The U.S. Supreme Court recently issued a decision that addresses a particularly modern application of the Fourth Amendment’s ban on unreasonable searches and seizures: When can police search the contents of a person’s cellphone?
In answer to that question, the Court held that police generally need a warrant before they may search a person’s cellphone, even in the context of an arrest. This draws a distinction between cellphones and other types of property that people carry with them, such as purses and backpacks, which police are generally permitted to search without a warrant when conducting an arrest.
The Court’s decision in the case was unanimous, which is notable in such a controversial area of the law. However, the ruling raises even more questions than it answers.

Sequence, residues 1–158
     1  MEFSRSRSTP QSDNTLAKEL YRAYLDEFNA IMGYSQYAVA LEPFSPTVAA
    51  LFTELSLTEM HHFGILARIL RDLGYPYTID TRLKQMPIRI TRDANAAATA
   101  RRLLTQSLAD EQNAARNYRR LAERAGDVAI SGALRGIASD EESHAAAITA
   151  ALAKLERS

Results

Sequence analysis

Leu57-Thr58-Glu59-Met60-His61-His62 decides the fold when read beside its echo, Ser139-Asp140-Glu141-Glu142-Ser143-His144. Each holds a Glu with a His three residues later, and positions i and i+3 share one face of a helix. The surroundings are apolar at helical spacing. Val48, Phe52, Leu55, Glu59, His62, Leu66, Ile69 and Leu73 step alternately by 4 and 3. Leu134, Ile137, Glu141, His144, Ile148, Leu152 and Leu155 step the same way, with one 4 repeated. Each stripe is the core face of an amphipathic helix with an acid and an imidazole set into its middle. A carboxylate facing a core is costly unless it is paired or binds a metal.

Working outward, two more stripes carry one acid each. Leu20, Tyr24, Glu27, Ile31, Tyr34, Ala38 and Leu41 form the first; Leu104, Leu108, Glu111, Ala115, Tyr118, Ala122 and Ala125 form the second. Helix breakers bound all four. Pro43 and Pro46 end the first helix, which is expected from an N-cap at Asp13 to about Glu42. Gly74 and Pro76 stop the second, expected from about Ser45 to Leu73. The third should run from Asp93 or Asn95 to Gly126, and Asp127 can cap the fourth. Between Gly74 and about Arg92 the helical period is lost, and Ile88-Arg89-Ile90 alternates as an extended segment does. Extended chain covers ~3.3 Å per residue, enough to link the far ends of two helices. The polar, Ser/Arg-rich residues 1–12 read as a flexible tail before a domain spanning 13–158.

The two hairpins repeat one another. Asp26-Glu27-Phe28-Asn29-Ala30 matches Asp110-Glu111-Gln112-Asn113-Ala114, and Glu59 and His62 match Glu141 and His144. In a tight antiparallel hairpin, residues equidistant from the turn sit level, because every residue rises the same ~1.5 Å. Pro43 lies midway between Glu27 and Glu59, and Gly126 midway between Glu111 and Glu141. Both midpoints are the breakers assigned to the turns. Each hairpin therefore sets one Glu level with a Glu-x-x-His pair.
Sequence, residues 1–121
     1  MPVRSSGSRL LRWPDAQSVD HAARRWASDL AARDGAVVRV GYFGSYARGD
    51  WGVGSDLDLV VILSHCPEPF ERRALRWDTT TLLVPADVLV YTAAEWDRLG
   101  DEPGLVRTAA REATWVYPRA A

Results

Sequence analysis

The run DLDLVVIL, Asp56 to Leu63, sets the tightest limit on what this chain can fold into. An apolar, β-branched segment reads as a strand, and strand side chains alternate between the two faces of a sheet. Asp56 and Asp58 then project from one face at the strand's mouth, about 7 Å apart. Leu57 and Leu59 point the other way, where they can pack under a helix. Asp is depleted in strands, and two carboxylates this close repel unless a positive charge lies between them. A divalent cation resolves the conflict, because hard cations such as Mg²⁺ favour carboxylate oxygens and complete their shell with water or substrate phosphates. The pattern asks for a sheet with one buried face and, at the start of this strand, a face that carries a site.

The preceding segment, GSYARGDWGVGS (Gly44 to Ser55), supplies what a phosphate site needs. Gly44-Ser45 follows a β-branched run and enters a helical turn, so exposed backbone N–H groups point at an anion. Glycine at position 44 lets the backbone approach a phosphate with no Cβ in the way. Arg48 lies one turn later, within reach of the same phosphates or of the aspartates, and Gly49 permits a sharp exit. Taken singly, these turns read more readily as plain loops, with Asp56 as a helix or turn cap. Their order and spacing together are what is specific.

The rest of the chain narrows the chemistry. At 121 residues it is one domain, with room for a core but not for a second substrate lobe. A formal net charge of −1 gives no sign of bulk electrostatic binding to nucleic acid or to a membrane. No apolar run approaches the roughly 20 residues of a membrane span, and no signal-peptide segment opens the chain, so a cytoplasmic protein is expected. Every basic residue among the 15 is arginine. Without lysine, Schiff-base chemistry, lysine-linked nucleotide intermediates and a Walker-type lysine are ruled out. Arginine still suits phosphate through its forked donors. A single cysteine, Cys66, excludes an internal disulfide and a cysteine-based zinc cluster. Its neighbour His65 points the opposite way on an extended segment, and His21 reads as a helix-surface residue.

When police arrest someone, the recent decision does not prevent from seizing the person’s cellphone and storing it until a search warrant can be obtained. Thus, in many cases the cellphone search may still ultimately occur, but not until a judge has confirmed that there is probable cause to justify the search.
Once the data from a person’s cellphone has been seized, one of the questions that has yet to be answered is how long police may store that seized data. Another question is whether a criminal suspect can be forced to reveal the password to a locked phone, and if so under what circumstances.
These and other unsettled issues relating to police searches of mobile devices will likely be addressed on a state-by-state basis, which means that Minnesota’s approach may differ from those of other states — at least until the matter is once again taken up by the U.S. Supreme Court.
Source: CNET, “SCOTUS cell phone case may hold big repercussions (Q&A),” Ben Fox Rubin, July 7, 2014